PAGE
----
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What is Peripheral Angiography?

A peripheral angiogram is a diagnostic test that uses X-rays and a contrast dye to check for restricted or blocked areas in one or more of the arteries supplying blood to the peripheral regions of the body including legs, feet, arms, and hands.

Preparation of Peripheral Angiography

Before the procedure, your doctor will ask you about the medicines you are taking and review your medical history. Inform your doctor if you are pregnant, breastfeeding, asthmatic, have bleeding problems, or have any allergies to the dye. Your doctor may order certain blood tests to determine your blood’s clotting ability and kidney functions. You will be asked to stop medicines that prevent clotting. Your doctor will advise you to avoid drinking for 4 to 8 hours before the procedure. You will be asked to empty your bladder before the test begins. You should also arrange for someone to drive you home after the procedure.

Procedure for Peripheral Angiography

  • You will lie on your back on an X-ray table. Your doctor will insert an intravenous line in the vein of your arm to provide the required medicines and fluids.
  • A pulse oximeter will be placed on your finger or ear to measure the levels of oxygen in your blood. Electrodes will be placed on your arms, chest, or legs to record your heart rhythm and heart rate.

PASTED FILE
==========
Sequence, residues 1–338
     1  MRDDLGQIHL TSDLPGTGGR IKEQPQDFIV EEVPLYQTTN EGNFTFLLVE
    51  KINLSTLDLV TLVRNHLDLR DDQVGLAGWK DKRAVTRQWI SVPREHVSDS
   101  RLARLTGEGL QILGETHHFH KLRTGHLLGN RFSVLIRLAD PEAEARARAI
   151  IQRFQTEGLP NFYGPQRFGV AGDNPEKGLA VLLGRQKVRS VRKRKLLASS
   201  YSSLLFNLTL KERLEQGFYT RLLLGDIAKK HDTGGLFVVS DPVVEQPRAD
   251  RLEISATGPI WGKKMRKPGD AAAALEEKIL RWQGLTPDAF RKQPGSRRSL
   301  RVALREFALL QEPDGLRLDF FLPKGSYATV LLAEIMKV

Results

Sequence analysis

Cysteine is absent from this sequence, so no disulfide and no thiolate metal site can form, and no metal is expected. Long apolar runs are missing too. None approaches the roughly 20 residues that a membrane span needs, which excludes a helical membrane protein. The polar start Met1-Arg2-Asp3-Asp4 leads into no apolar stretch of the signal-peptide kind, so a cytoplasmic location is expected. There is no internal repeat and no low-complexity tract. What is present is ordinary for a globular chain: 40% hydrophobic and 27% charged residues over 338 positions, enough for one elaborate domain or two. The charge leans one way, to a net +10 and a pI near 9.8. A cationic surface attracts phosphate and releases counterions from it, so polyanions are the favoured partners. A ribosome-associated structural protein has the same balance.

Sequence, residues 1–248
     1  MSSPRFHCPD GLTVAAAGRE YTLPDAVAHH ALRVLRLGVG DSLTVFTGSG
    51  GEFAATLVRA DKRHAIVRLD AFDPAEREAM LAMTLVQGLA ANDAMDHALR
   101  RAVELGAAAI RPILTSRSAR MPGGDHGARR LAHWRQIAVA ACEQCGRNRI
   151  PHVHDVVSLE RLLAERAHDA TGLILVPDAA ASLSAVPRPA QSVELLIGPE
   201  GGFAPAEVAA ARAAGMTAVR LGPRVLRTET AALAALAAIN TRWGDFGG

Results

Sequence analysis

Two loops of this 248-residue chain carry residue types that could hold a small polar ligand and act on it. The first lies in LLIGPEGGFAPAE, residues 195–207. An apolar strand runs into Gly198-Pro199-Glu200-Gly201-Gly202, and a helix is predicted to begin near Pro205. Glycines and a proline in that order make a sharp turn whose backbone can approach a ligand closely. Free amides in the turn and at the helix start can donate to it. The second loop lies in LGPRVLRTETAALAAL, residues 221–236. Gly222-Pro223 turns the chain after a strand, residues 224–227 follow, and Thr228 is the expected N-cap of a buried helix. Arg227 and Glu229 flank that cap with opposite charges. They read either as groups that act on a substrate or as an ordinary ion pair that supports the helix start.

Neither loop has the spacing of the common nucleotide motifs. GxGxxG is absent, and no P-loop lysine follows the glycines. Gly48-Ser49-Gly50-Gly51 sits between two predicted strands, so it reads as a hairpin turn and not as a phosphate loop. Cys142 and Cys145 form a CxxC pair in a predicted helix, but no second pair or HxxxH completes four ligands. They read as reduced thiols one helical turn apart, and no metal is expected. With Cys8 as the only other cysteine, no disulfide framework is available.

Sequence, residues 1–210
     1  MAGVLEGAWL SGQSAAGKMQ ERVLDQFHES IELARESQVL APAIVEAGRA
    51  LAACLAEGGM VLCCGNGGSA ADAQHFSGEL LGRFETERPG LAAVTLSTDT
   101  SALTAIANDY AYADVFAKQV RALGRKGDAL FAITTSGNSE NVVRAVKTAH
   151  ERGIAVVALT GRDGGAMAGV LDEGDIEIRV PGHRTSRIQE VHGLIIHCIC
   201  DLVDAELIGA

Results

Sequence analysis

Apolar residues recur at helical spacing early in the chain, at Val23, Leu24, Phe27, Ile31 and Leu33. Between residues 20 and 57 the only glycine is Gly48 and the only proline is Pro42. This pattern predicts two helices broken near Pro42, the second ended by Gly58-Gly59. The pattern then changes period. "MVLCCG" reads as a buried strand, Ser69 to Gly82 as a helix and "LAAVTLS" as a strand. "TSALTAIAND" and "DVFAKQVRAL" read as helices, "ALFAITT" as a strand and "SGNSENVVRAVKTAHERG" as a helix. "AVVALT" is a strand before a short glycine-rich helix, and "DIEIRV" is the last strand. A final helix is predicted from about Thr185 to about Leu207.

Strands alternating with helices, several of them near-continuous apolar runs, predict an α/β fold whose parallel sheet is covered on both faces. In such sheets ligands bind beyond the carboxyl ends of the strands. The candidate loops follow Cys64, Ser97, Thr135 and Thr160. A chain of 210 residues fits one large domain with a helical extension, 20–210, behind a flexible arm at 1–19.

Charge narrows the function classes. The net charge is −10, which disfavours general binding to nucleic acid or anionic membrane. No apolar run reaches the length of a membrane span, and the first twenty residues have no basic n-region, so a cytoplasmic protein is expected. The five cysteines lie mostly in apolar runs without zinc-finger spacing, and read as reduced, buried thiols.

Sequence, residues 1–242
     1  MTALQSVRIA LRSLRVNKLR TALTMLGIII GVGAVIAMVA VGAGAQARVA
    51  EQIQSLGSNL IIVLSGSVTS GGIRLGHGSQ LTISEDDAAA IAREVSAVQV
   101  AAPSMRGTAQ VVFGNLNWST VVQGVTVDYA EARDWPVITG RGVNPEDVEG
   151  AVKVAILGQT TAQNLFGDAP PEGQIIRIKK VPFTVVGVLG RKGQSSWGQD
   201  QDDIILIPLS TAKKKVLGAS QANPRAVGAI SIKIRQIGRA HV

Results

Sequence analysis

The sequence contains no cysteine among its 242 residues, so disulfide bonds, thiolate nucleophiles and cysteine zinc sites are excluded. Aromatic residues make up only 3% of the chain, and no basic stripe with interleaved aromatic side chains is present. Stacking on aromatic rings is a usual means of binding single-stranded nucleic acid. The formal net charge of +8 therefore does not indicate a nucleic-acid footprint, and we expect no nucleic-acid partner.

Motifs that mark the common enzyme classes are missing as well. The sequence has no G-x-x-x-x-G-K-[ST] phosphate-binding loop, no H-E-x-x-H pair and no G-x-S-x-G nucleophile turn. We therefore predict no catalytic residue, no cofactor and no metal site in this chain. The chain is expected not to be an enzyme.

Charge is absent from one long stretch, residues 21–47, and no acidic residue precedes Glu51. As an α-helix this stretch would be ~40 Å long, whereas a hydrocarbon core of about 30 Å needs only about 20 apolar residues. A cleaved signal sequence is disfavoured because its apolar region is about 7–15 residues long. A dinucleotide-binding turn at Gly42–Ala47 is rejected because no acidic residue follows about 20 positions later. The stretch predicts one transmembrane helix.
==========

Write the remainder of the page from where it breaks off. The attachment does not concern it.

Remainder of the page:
• The groin or region above the elbow where the catheter is to be inserted will be cleaned, shaved, and numbed with a local anesthetic.
  • A needle puncture will be made on the skin and a thin catheter will be inserted through the skin into your artery.
  • Contrast dye will be inserted through the catheter.
  • Radiographs will then be taken of the limb. The dye allows narrowed or blocked regions of the artery to be visualized on the radiographs.
  • The procedure takes about 30 to 40 minutes.

Post-Procedural Care for Peripheral Angiography

  • Following the procedure. You will be taken to a recovery room for a few hours. Bed rest is generally recommended for several hours after the procedure.
  • Ice packs can be used to relieve pain and swelling over the needle site. You will also be prescribed medication to relieve any discomfort.
  • If the catheter was inserted in your arm, avoid blood tests and measuring blood pressure for several days after the procedure. If the catheter was inserted in the groin area, the leg should be kept straight for about 6 hours.
  • It is recommended that you drink plenty of water after the treatment, at least 6 glasses, to flush the dye out of your kidneys. This procedure typically takes 48 hours.

Risks and Complications of Peripheral Angiography

Risk and complications of peripheral angiography include:

  • Bleeding or clotting at the needle site
  • Allergic reaction to the dye
  • Blood vessel damage
  • Swelling
  • Kidney problems from the dye
  • Infection at the catheter insertion site.

Contact

North Texas Comprehensive Cardiology
425 N Highland Ave, Suite 120,
Sherman, Texas 75092

Tel: | Fax:

Practice Hours: M-F 8am – 5pm

  • American Board of Internal Medicine
  • National Board of Echocardiography
  • Certification Board of Nuclear Cardiology
  • American Board of Vascular Medicine